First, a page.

But proof is in the performance. Our customers appreciate what Agile has done for Railinc and our development process. We hear it in emails to our executive team and in conversations with customers. And our Net Promoter Score (NPS) reflects our success. The annual NPS survey asks one question: “How likely are you to recommend my company to someone you know?” Since 2010, our NPS has improved by 37 percent, and we’ve grown from 170 employees to almost 300 now. Our future shines brightly.

"The entire Railinc organization is focused on supporting our customers through the delivery of data," Solera said. "The focus of our leadership has been to make sure we deliver on that commitment."

And we do, thanks to Agile.

—Railinc Corporate Communications

Railinc Hits the Road to Connect with Customers

Railinc employees will rack up a ton of frequent flyer miles again in 2015, attending more than a dozen rail industry and technology conferences and meetings across the U.S. We'll be sharing industry insights, providing training opportunities, connecting with and learning from customers, and talking about Railinc and our products and services.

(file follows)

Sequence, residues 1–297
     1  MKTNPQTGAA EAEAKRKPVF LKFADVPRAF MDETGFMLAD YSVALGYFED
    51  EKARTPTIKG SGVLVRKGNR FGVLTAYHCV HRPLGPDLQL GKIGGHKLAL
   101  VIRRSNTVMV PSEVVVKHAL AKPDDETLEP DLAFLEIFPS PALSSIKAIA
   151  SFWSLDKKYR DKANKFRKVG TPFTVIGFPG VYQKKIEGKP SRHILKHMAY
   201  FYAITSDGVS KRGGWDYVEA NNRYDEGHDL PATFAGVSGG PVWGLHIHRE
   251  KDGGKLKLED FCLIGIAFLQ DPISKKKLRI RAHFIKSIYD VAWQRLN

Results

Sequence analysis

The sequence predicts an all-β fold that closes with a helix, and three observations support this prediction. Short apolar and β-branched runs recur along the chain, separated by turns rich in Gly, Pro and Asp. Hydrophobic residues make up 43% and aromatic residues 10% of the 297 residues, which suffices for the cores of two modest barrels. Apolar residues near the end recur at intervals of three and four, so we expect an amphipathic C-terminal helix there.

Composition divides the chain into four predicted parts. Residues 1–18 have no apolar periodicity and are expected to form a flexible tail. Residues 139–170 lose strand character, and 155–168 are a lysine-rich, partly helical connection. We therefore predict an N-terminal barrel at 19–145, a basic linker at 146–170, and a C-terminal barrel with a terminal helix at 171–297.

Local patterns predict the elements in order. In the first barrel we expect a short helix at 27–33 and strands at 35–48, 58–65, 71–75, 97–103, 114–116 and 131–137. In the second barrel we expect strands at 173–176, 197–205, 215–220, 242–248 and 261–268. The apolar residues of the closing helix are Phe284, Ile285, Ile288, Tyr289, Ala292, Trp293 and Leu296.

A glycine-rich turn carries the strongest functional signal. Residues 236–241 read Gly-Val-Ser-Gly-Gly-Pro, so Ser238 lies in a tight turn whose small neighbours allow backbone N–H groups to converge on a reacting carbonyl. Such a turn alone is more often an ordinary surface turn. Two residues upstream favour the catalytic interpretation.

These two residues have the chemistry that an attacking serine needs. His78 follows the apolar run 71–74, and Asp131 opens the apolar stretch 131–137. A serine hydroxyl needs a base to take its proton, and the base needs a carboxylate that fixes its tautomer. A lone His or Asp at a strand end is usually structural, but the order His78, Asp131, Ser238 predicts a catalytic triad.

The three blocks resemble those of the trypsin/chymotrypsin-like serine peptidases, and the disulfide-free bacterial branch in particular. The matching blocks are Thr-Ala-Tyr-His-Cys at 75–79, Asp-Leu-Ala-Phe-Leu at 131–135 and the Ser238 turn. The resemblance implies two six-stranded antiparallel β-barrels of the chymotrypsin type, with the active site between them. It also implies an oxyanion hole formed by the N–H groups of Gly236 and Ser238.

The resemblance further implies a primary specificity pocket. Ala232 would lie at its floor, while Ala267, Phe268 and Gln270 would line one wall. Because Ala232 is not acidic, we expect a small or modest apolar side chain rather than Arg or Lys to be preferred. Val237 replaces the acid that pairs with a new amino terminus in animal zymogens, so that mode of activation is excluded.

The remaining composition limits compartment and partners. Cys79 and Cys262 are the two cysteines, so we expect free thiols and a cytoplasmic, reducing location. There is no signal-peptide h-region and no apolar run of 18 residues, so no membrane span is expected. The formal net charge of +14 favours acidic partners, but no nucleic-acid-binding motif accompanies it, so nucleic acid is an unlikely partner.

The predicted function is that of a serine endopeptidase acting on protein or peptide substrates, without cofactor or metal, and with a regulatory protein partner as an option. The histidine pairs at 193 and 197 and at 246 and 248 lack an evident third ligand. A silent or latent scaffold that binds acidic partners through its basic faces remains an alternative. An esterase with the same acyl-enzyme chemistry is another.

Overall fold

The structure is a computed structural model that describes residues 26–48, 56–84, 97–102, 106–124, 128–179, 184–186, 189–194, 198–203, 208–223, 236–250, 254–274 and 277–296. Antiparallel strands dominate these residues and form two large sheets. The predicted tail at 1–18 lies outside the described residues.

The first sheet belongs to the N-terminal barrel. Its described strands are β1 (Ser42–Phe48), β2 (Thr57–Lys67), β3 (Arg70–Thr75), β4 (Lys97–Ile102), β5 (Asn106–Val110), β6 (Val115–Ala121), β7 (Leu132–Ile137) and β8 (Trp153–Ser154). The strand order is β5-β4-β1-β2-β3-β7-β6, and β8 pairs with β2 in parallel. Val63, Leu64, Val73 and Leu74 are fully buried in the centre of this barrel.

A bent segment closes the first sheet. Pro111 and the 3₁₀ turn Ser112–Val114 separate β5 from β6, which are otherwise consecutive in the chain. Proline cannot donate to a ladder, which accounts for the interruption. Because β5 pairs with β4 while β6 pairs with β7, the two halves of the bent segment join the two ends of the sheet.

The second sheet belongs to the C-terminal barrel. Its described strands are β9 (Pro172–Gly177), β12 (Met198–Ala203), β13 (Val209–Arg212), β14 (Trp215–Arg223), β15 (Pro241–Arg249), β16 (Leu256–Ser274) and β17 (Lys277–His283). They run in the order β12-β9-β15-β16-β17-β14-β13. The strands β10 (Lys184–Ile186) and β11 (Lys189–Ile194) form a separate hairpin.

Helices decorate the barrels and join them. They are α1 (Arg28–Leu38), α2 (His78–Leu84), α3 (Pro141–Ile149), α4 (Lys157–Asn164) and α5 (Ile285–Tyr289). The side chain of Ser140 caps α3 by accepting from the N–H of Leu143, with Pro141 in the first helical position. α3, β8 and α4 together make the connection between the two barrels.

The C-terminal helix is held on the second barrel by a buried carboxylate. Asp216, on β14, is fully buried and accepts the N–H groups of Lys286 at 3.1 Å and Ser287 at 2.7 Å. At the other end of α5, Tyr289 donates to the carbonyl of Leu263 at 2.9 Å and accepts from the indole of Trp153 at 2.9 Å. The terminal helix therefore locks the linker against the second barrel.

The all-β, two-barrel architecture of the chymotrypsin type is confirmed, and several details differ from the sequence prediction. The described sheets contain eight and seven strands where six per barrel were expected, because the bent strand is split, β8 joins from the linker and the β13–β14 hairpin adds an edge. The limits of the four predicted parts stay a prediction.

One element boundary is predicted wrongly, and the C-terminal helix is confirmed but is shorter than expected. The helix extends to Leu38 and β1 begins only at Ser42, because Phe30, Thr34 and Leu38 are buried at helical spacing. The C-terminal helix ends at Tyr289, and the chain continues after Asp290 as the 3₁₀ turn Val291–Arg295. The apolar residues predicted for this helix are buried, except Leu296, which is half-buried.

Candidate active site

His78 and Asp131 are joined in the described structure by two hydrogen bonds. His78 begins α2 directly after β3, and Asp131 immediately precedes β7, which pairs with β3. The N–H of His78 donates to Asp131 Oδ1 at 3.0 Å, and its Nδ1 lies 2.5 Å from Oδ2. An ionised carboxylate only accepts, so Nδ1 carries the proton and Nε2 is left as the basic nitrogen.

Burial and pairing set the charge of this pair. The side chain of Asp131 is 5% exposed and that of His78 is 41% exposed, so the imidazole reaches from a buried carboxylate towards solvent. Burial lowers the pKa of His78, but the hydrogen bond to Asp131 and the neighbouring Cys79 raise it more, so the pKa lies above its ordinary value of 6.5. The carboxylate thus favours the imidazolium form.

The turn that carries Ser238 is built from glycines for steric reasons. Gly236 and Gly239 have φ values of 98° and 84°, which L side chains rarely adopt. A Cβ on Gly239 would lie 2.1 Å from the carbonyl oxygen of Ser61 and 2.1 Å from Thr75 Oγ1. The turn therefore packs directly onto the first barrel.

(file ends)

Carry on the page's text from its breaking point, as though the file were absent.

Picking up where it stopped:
One place where we're a regular is the annual Rail Equipment Finance Conference, which each year attracts attendees including railcar leasing companies, financial institutions, and railcar and locomotive manufacturers. Railinc employees have presented there for the last 15 years, and we provide the event's opening presentation, which reports on demographics and trends related to the North American railcar and locomotive fleets. You can download the 2015 North American Railcar Review, the 2015 North American Locomotive Review and past years' reports here.

We also attend meetings of industry groups like the Association of Car Accounting and Car Services Officers. At these meetings, we often lead training sessions on car hire and cover a range of topics including including reporting and settlement of car hire, the reclaims process and interchange reporting.

"These events give us a chance to enhance our relationships with our customers and really get a deeper understanding of their opportunities and challenges," said Chuck Hieronymi, director of business solutions. "They help us connect with the industry and gain insights into how we can help solve our customers' most impactful business needs."